I recently came across a classic ternary diagram that just about every Geologist can relate to. It depicted each subfield of Geology based upon three categories: Lab rat, computer nerd, and people who like to camp. This ternary diagram felt pretty raw considering how simple and truthful it was. Geochemists seem to be more comfortable in the lab than they are at home and geophysicists love talking about computers just as much as rocks themselves. Sedimentologists like to camp a bit more than their cousins in petrology. One corner that was left unoccupied was “people who like to camp”. Perhaps this is because all geologists like to camp– I certainly do. Maybe the author got lazy and didn’t finish the diagram; where is the love for our environmental geologists in this diagram– likely somewhere outside of the ternary diagram that is allocated to people who like to talk a lot.
For many people, geology was something that found them; the rigor of classrooms and test-taking was broken apart by a class where most weeks involved outdoor labs and every year involved going on a camping trip. Experiencing the outdoors and learning about the world around us is life-changing. People have even written papers on why Geology majors are the happiest people on campus and it usually has something to do with how often we are outside. When we inevitably fell in love with geology, we also fell in love with exploring the outdoors.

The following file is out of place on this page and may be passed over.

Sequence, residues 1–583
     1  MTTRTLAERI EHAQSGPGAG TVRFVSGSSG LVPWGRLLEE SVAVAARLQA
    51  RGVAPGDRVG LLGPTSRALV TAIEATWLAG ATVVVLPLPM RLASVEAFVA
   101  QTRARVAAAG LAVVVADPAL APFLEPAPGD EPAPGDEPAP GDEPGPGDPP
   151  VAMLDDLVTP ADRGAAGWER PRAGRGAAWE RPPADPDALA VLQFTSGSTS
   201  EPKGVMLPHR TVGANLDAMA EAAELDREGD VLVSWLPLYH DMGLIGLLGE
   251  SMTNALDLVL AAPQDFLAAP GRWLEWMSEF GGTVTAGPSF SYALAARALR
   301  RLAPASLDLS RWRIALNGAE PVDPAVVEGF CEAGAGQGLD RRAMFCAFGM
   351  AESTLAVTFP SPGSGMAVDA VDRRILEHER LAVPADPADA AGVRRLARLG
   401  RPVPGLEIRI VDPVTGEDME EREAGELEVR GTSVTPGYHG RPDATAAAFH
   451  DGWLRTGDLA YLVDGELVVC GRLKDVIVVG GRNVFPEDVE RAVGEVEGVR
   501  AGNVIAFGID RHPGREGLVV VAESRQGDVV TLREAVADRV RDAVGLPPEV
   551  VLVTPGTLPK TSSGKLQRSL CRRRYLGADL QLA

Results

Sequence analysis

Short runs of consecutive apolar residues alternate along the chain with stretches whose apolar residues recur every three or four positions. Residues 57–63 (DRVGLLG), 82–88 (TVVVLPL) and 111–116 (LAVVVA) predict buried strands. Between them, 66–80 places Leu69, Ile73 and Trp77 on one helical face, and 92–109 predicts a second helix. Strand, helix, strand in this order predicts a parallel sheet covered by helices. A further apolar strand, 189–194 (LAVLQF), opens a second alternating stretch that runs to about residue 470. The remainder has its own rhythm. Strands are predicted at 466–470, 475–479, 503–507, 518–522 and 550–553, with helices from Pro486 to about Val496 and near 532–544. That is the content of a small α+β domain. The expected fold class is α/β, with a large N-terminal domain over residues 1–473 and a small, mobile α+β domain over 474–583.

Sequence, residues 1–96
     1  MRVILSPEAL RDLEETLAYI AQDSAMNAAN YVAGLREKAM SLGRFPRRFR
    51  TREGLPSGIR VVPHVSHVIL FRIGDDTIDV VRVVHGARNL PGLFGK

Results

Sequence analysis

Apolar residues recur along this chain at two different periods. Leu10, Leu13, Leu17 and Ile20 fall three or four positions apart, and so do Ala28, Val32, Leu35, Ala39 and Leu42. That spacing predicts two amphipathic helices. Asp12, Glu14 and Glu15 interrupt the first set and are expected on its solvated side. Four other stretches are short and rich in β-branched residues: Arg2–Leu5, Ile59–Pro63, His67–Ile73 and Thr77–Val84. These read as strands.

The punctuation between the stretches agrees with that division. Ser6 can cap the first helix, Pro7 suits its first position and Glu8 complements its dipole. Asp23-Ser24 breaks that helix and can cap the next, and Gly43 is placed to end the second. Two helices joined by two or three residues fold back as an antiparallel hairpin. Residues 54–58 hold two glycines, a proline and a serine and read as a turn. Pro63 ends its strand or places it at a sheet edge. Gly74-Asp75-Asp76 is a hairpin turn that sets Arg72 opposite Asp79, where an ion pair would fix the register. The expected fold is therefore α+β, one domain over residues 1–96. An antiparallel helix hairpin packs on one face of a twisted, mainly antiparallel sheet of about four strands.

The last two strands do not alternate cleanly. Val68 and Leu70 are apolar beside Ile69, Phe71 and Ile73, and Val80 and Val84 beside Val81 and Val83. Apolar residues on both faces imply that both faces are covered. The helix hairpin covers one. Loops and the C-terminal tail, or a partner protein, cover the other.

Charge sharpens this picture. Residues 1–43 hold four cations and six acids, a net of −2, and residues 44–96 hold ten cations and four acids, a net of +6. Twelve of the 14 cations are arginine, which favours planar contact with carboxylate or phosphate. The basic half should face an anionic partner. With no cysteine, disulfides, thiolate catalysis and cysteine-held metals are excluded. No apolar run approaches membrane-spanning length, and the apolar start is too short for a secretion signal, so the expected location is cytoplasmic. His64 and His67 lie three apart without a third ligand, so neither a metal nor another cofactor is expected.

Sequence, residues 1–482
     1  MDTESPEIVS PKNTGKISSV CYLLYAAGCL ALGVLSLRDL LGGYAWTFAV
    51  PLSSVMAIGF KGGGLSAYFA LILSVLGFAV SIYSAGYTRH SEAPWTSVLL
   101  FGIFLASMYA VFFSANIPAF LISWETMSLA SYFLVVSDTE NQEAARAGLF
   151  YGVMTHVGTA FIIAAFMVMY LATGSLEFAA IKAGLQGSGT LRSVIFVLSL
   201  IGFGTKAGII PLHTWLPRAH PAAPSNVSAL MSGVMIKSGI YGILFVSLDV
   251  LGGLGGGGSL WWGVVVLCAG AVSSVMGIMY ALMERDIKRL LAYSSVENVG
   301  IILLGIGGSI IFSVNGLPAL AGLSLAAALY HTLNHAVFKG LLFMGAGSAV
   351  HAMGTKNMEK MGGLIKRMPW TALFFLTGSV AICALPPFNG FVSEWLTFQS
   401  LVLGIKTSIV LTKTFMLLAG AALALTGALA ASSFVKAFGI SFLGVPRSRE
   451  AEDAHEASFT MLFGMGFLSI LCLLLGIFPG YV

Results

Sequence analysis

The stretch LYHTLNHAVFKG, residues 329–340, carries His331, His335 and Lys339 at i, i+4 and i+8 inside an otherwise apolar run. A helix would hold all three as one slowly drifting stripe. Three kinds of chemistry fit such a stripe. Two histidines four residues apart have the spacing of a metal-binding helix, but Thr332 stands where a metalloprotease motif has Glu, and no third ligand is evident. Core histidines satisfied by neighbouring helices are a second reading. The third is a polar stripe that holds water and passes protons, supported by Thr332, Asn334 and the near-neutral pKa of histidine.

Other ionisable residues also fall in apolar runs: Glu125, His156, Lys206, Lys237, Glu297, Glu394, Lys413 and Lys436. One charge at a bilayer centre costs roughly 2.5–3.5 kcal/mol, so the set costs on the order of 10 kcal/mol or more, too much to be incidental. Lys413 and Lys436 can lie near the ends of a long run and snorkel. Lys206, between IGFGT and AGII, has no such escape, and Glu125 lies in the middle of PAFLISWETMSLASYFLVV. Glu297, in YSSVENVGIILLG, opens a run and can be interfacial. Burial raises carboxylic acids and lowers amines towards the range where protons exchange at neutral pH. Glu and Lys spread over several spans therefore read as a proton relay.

Now that you’re back in the lab or working for a hazardous waste site, geology is less about exploring the outdoors and more about crunching data and sending emails. That budding taste of experiencing the wilderness seems like a distant past (unless you’re in academics, a park ranger, or John Muir in which case you live the geologists dream life). That is exactly why I created Local Terrane: geology should be an amateur pastime just as much as it should be a profession. Most amateur geology seems to be evolved around rock collecting. Amateur geology is like vegan trophy hunting where the only thing getting hurt is your wallet.
On the opposite side of the community is another story. There are prospective geologists across the globe who are busy studying the fundamentals of geology and eager to make themselves known in the community. Not everyone with a passion for geology gets a career in the field straight of college and many people aren’t given an opportunity to get the degree itself. For them, geology and exploring the outdoors seems more like something constantly out of reach than the touch of a past lover. For so many people passionate in geology, a career seems unrealistic and a mile away. Just as amateur geology ought to be a hobby of every professional, every passionate prospect of geology should participate in amateur geology as well. I won’t begin to explain how important amateur geology is for rock healers –we already know the answer.